Product Loyalty

To what extent do we owe a duty of loyalty to our products?

I learned on one of these babies.

The other day, the razor that I have used for a decade or more gave up the ghost.  It refused to hold a blade cartridge one stroke longer.  As a reward for my years of devotion, I ended up with a centimeter-long gash running vertically through the mustache zone.  Gracias Mach 3.

In order to remain competitive, Gillette, Schick and the other razor barons have been engaged in a dangerous game of upping the ante one blade at a time for several years now.  One-bladed razors are historical artifacts.  Two blades?  Later, Gramps.

Alright, I’ll admit that I climbed the ladder to three.  I even graduated from the Sensor to the Mach 3.

Elaine was loyal to her birth control device. She had to determine if a prospective suitor was "sponge worthy"

However, the men’s grooming train then promptly left me on the platform.  In dynamic, manly advertising campaigns designed to evoke the red meat lovin’, Chevy truck drivin’, yet suave libidos of American guys, the grooming lords rolled out :

  • the Mach 3 Turbo (better anti-friction blades)
  • the M3 Power Razor (like an electric toothbrush with blades)
  • In response, Schick fired back with the Quattro (obviously, four blades)
  • “No pussies are we,” said Gillette upon rolling out an entire line of five-bladed monstrosities called “The Fusion.”

I got off here.

In a memorable piece, The Onion joyfully shouted: F*** Everything, We’re Doing Five Blades.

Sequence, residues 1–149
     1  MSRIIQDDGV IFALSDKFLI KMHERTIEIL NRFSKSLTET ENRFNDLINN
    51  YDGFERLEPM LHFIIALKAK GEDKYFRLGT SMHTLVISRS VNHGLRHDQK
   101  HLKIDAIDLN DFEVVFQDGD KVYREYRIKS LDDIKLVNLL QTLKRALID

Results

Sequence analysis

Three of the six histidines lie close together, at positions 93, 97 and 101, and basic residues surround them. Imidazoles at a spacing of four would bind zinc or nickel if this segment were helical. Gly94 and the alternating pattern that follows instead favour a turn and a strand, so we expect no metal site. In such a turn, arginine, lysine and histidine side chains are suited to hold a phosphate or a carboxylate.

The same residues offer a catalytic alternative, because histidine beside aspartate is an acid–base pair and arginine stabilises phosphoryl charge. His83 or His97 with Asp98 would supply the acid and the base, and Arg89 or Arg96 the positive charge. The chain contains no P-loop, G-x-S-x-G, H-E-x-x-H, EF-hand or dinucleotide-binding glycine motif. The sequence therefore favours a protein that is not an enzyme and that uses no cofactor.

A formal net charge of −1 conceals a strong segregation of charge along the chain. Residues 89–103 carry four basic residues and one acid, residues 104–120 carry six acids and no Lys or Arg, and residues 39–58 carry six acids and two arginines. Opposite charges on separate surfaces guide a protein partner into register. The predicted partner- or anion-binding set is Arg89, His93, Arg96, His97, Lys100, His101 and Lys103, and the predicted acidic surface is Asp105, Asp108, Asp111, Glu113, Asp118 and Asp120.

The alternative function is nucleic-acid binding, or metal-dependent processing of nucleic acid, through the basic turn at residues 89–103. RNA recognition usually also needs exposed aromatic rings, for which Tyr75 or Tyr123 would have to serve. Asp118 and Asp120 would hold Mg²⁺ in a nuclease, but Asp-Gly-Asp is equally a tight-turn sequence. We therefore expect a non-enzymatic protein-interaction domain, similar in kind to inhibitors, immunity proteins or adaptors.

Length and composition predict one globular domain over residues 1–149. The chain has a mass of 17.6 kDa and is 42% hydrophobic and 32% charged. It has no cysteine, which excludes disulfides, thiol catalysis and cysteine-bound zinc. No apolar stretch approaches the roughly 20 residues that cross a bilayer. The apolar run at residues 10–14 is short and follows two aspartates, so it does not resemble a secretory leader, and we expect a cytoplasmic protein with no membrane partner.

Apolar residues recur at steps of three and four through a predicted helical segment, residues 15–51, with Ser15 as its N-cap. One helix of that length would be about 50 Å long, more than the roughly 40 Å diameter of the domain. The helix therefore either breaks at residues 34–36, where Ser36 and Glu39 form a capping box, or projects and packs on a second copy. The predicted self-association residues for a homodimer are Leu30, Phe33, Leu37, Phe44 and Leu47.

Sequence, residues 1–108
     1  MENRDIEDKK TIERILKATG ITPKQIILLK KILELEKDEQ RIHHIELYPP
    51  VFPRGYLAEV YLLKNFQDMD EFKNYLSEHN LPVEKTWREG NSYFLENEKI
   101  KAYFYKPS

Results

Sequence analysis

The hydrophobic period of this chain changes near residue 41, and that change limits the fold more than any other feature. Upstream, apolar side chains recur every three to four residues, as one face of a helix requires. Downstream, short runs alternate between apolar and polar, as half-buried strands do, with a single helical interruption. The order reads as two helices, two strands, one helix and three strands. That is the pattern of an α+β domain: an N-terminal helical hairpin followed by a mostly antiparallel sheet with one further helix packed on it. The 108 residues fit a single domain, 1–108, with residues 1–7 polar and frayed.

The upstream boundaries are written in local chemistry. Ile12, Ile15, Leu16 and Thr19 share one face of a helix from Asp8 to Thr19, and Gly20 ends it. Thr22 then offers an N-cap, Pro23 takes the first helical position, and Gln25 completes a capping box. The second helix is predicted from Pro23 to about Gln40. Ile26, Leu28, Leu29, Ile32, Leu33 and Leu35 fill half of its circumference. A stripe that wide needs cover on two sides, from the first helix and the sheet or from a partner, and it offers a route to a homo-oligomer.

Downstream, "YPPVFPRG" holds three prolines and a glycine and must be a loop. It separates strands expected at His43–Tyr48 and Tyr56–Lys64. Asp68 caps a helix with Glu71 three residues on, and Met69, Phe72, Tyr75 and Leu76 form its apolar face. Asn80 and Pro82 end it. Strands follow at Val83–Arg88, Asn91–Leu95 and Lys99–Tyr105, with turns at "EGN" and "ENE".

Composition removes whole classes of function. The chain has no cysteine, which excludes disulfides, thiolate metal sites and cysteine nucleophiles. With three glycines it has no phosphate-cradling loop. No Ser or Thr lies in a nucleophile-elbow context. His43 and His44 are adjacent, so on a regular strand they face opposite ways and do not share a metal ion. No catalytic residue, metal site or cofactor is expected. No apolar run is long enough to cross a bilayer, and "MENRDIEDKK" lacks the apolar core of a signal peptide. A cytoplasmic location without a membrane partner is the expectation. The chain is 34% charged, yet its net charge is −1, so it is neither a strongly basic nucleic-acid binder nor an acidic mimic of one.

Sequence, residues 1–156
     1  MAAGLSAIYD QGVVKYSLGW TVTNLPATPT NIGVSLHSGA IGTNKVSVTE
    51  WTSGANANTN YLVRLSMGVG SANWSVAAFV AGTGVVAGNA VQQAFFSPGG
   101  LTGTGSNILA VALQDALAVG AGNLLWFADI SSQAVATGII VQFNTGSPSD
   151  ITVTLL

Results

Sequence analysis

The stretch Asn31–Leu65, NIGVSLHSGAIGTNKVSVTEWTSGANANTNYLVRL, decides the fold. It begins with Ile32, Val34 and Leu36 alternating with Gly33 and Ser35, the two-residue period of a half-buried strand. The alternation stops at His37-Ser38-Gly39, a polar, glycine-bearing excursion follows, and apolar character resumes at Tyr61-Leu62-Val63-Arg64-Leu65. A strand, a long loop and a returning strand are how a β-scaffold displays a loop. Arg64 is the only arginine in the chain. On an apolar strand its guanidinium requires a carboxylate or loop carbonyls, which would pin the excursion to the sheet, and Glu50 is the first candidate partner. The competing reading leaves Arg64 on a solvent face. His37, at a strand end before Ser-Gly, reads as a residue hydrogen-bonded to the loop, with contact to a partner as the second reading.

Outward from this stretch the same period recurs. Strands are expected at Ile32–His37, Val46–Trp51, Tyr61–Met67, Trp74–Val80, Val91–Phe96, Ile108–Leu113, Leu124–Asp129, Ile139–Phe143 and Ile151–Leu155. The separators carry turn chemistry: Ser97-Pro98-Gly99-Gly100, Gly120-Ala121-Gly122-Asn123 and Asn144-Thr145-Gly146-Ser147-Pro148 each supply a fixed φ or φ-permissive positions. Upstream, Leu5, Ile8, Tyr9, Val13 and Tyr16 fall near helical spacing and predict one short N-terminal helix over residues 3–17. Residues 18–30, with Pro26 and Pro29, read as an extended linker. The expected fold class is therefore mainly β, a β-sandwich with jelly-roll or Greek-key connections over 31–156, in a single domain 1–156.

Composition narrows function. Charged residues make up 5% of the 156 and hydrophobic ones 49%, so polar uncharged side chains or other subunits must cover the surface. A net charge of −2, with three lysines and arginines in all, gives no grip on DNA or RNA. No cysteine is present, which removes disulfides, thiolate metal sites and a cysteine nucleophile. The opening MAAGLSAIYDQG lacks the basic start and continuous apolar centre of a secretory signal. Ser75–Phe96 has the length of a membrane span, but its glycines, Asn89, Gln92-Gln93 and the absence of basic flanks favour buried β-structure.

Where will it end?  Either the devices will become so overloaded with blades and aloe glide strips that they will fail from metal fatigue, or American men will develop medical problems in their wrists from having to manipulate these John Deere-like devices across their faces.  Can’t you see the lawsuits now?  Maybe I’ll be out in front of these legal actions.  I may have finally found my niche.

Anyhow, all of these fancy razors were designed with built-in obsolescence.  This means that they are engineered to fall apart after a fixed amount of usage, thereby guaranteeing repurchase by the mark patsy pigeon consumer.

The space shuttle is less complex in design.

The problem was that the razors weren’t failing quickly enough.  Schick/Gillette put their bests minds toward solving this problem.  Result: we’ll get the little shavers hooked on “glide” strips “essential” for a smooth shave.

And it just so happens that these strips lose their glidy-ness after about a week.  Funny how that worked out, eh?

As a kicker, we’ll make the blades extra cuttier, extra rippier, extra bloodier.

Taking a page from street drug pushers, the first one was free.  It came in a block of junk mail one Saturday.  You remember that day.  It was the last day that your old mail carrier worked.  After that day’s load, he went off work permanently with a Federal Worker’s Compensation claim.

Freakin' pushers.

After they got you hooked on the freebie.  You went out and bought more blades.  Once you realized their insidious game, you wanted to stop.

Grow a beard, move to Vermont was your plan.  But, they had you by the follicles.

And your former shaving product was relegated to some back aisle of the drug store with your Aunt Mary’s old “hot water bottle” (which actually used vinegar, not hot water).

*****

Hey, how come the Honda Odyssey goes twice as far before falling apart?